The concrete bunkers scattered all over Albania and its capital Tirana are a reminder of bleaker times for the Eastern European nation. Enver Hoxha was Albania’s leader and communist dictator from 1941 until his death in 1985 – during the second half of that period he became increasingly paranoid about invasions by neighbouring countries and ordered thousands of bunkers to be constructed. It is estimated Albania had 173,000 of these defensive domes by the mid 1980s.
While many of them have collapsed or been pulled down, others have been reappropriated and given a new lease life. Examples include coastal bars and burger stands beside beaches, and the popular tourist attraction of Bunk'Art 1 and 2 in Tirana, which serve as museums to the country’s communist era. Others have been converted to cafés, bed and breakfast accommodation or have even become the canvas for colourful paintings and murals on their domed roofs.
A project called Bed & Bunker began in 2012, as a collective of Albanian and German architects with the aim of converting the bunkers in ways that could benefit rural tourism. The group said: “Bunkers are commonly associated with war, suffering and the destruction of the living environment. Therefore, the idea arose to reverse the negative intent of the concrete buildings and benefit the underdeveloped tourist economy by converting the bunkers.”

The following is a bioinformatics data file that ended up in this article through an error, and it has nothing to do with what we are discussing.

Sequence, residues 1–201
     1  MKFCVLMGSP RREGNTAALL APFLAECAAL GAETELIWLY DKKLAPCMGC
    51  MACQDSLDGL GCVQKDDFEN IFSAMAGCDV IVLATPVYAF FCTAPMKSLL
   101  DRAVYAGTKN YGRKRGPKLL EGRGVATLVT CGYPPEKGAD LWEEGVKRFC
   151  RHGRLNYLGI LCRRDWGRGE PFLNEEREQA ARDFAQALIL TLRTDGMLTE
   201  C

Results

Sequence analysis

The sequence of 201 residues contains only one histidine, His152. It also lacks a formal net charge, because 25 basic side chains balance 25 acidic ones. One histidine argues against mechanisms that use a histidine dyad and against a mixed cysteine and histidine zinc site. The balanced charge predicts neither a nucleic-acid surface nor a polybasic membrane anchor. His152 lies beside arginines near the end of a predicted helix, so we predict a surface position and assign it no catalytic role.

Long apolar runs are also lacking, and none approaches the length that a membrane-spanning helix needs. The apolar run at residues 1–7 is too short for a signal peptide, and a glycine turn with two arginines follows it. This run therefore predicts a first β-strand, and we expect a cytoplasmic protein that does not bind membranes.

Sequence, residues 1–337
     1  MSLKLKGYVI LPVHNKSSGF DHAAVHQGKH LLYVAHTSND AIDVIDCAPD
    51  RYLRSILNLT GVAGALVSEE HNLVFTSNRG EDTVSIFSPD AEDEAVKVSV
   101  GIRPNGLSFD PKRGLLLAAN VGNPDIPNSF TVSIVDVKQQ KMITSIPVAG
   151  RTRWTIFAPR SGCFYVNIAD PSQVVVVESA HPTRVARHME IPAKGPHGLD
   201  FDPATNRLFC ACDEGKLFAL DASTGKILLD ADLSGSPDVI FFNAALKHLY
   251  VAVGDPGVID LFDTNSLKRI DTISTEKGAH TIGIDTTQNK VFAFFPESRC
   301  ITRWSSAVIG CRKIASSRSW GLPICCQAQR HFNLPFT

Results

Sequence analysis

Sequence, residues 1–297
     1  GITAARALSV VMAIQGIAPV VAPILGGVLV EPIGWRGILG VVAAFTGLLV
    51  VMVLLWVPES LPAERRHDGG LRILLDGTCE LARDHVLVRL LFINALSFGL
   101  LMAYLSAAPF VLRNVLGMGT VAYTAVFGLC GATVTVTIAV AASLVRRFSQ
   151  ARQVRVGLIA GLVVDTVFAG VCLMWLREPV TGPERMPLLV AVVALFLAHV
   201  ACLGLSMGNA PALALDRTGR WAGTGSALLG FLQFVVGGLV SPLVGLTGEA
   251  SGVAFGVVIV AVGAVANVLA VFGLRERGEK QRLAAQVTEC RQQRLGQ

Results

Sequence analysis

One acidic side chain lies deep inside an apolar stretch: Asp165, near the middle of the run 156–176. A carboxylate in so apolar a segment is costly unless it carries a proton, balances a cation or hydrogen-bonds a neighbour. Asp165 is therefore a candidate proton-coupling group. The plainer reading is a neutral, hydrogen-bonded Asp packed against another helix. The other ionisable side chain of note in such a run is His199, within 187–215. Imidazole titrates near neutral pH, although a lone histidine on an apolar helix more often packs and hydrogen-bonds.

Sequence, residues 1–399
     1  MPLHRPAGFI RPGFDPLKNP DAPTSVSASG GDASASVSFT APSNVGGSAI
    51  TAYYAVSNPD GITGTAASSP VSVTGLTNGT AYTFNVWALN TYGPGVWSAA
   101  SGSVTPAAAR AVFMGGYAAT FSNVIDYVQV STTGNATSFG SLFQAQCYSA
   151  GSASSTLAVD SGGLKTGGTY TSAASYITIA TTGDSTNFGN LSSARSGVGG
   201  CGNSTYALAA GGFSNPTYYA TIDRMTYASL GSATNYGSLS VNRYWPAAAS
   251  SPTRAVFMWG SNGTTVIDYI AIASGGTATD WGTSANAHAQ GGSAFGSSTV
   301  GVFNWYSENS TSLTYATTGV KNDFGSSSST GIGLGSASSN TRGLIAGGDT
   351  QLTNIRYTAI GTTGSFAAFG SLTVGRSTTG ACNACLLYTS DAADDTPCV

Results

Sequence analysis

Promotional video for Growing Underground
Where: Clapham, London
Built: 1940 to 1942
Tunnels under London, that were originally used as civilian bomb shelters during the Blitz in World War Two, have been converted into subterranean farms – producing high quality leafy greens and herbs. The company running the farm, Growing Underground, uses hydroponic systems and LED lights to create a carefully controlled environment that runs on 100% renewable energy.
It is what’s known as controlled environment agriculture, which also includes vertical farming. The ‘microgreens’ produced in the tunnels are popular with retailers and restaurants for their strong flavours and this method of farming has been heralded as the future of food production. Underground farms are not at the mercy of seasonal weather changes, they won’t be harmed by too much rain or scorched in a particularly dry month. And as it can be done directly under densely populated cities, there is relatively little food transportation needed.